Natural Gas Energy content, statistics, and pricing
Quantities of natural gas are measured innormal cubic meters(cubic meter of gas at "normal" temperature 0 °C (32 °F) and pressure 101.325 kPa (14.6959 psi)) orstandard cubic feet(cubic foot of gas at "standard" temperature 60.0 °F (15.6 °C) and pressure 14.73 psi (101.6 kPa)), one cubic meter ≈ 35.3147 cu ft. Thegross heat of combustionof commercial quality natural gas is around 39 MJ/m3(0.31 kWh/cu ft), but this can vary by several percent. This is about 49 MJ/kg (6.2 kWh/lb) (assuming a density of 0.8 kg/m3(0.05 lb/cu ft),an approximate value).
European Union[edit source]
Gas prices for end users vary greatly across the EU. A single European energy market, one of the key objectives of the EU, should level the prices of gas in all EU member states. Moreover, it would help to resolve supply and global warming issues,as well as strengthen relations with other Mediterranean countries and foster investments in the region.
In US units, one standard cubic foot (28 L) of natural gas produces around 1,028 British thermal units (1,085 kJ). The actual heating value when the water formed does not condense is the net heat of combustion and can be as much as 10% less.
In the United States, retail sales are often in units of therms (th); 1 therm = 100,000 BTU. Gas sales to domestic consumers are often in units of 100 standard cubic feet (scf). Gas meters measure the volume of gas used, and this is converted to therms by multiplying the volume by the energy content of the gas used during that period, which varies slightly over time. The typical annual consumption of a single family residence is 1,000 therms or one Residential Customer Equivalent (RCE). Wholesale transactions are generally done in decatherms (Dth), thousand decatherms (MDth), or million decatherms (MMDth). A million decatherms is a trillion BTU, roughly a billion cubic feet of natural gas.
The price of natural gas varies greatly depending on location and type of consumer. In 2007, a price of $7 per 1000 cubic feet ($0.25/m3) was typical in the United States. The typical caloric value of natural gas is roughly 1,000 BTU per cubic foot, depending on gas composition. This corresponds to around $7 per million BTU or around $7 per gigajoule (GJ). In April 2008, the wholesale price was $10 per 1000 cubic feet ($10/million BTU).The residential price varies from 50% to 300% more than the wholesale price. At the end of 2007, this was $12–$16 per 1000 cubic feet ($0.42–$0.57/m3).Natural gas in the United States is traded as a futures contract on the New York Mercantile Exchange. Each contract is for 10,000 million BTU or 10 billion BTU (10,551 GJ). Thus, if the price of gas is $10/million BTU on the NYMEX, the contract is worth $100,000.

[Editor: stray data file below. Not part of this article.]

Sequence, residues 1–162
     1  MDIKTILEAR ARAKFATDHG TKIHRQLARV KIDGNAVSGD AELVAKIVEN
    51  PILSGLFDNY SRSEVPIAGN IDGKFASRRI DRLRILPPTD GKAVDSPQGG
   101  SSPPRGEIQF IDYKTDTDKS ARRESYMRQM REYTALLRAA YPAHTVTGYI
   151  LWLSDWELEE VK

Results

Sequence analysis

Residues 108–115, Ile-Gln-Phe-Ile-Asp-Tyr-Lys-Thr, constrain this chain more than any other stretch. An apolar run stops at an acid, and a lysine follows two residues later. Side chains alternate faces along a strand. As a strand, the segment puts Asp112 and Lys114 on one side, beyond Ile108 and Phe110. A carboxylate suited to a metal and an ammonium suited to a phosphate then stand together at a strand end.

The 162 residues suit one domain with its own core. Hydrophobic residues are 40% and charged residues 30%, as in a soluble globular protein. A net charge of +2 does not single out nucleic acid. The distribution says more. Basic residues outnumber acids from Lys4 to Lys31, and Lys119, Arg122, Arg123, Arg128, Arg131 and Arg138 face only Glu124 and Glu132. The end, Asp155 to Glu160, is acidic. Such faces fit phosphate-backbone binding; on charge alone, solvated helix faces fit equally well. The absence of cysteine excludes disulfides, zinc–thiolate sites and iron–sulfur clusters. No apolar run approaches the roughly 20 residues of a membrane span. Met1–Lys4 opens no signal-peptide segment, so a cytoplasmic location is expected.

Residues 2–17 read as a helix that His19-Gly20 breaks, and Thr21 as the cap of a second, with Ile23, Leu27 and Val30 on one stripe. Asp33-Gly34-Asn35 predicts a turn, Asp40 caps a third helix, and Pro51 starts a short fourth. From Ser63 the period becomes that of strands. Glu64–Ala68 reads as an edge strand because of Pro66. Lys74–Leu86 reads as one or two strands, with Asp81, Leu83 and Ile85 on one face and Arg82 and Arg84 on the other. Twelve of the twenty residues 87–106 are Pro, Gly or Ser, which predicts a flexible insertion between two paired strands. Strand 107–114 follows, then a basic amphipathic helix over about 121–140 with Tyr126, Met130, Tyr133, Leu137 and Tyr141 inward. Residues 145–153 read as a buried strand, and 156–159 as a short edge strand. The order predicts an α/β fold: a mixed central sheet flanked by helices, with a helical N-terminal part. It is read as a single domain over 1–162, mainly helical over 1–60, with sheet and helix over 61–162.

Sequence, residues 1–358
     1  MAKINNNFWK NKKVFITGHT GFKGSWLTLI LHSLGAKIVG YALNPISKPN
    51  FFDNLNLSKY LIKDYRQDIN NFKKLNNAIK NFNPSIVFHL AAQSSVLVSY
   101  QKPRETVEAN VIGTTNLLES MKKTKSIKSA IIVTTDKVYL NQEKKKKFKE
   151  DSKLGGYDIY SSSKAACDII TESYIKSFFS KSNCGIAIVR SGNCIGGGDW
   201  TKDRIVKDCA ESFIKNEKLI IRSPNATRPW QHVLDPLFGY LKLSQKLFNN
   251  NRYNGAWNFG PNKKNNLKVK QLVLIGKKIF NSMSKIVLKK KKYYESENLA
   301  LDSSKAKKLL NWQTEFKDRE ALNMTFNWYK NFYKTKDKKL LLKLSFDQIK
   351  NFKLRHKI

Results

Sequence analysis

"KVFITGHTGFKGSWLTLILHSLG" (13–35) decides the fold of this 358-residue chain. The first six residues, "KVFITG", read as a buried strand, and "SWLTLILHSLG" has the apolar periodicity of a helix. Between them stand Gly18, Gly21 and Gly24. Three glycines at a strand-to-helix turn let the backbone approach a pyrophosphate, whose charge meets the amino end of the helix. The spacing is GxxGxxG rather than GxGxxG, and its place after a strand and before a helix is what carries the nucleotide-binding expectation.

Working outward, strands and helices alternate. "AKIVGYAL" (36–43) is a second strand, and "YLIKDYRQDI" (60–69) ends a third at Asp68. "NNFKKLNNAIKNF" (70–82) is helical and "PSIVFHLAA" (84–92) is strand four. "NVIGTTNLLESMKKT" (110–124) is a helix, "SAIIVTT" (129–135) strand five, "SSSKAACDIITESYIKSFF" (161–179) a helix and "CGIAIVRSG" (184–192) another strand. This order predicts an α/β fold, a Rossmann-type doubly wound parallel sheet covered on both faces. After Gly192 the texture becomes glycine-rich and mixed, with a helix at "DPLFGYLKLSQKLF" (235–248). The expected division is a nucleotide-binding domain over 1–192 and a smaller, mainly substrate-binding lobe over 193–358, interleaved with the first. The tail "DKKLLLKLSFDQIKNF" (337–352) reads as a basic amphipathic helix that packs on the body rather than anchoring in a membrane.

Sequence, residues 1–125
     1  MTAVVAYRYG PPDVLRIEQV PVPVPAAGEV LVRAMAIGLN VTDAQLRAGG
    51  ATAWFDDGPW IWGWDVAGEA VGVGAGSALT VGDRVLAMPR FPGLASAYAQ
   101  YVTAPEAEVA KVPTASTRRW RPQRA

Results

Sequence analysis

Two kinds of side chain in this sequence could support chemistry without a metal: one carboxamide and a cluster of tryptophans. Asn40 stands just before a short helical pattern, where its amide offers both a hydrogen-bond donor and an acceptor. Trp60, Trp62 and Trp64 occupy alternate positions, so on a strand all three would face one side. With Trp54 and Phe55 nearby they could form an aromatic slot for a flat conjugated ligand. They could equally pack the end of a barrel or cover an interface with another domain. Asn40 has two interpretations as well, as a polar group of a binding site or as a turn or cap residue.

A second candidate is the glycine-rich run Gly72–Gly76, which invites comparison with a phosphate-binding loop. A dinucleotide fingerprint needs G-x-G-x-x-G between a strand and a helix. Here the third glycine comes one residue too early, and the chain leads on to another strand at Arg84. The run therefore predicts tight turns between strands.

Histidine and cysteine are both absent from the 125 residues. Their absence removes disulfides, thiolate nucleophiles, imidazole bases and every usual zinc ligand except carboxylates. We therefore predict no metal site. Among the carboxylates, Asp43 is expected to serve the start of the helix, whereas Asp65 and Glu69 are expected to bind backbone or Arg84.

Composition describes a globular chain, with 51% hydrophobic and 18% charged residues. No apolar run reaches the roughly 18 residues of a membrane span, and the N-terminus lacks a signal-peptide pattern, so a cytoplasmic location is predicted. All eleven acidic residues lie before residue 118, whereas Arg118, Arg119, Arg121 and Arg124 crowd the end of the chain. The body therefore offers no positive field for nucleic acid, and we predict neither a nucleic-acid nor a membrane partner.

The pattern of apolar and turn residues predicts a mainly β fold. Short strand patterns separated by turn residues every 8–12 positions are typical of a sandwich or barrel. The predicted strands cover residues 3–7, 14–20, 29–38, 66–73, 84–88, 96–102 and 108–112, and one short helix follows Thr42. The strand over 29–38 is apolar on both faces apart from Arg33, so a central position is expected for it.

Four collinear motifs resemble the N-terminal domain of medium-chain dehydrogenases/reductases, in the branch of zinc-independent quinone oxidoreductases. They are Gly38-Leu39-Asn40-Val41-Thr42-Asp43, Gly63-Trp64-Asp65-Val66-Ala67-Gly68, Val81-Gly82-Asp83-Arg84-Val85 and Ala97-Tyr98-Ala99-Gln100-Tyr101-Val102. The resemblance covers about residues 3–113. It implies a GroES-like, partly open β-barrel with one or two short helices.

Canada uses metric measure for internal trade of petrochemical products. Consequently, natural gas is sold by the gigajoule (GJ), cubic meter (m3) or thousand cubic meters (E3m3). Distribution infrastructure and meters almost always meter volume (cubic foot or cubic meter). Some jurisdictions, such as Saskatchewan, sell gas by volume only. Other jurisdictions, such as Alberta, gas is sold by the energy content (GJ). In these areas, almost all meters for residential and small commercial customers measure volume (m3 or ft3), and billing statements include a multiplier to convert the volume to energy content of the local gas supply.
A gigajoule (GJ) is a measure approximately equal to half a barrel (250 lbs) of oil, or 1 million BTUs, or 1,000 cu ft or 28 m3 of gas. The energy content of gas supply in Canada can vary from 37 to 43 MJ/m3 (990 to 1,150 BTU/cu ft) depending on gas supply and processing between the wellhead and the customer.
Outside of the European Union, the U.S., and Canada, natural gas is sold in gigajoule retail units. LNG (liquefied natural gas) and LPG (liquefied petroleum gas) are traded in metric tonnes (1,000 kg) or million BTU as spot deliveries. Long term natural gas distribution contracts are signed in cubic meters, and LNG contracts are in metric tonnes. The LNG and LPG is transported by specialized transport ships, as the gas is liquified at cryogenic temperatures. The specification of each LNG/LPG cargo will usually contain the energy content, but this information is in general not available to the public.
In the Russian Federation, Gazprom sold approximately 250 billion cubic meters (8.8 trillion cubic feet) of natural gas in 2008. In 2013 they produced 487.4 billion cubic meters (17.21 trillion cubic feet) of natural and associated gas. Gazprom supplied Europe with 161.5 billion cubic meters (5.70 trillion cubic feet) of gas in 2013.
In August 2015, possibly the largest natural gas discovery in history was made and notified by an Italian gas company ENI. The energy company indicated that it has unearthed a "supergiant" gas field in the Mediterranean Sea covering about 40 square miles (100 km2). It was also reported that the gas field could hold a potential 30 trillion cubic feet (850 billion cubic meters) of natural gas. ENI said that the energy is about5.5 billion barrels of oil equivalent [BOE] (3.4×1010 GJ). The field was found in the deep waters off the northern coast of Egypt and ENI claims that it will be the largest ever in the Mediterranean and even the world.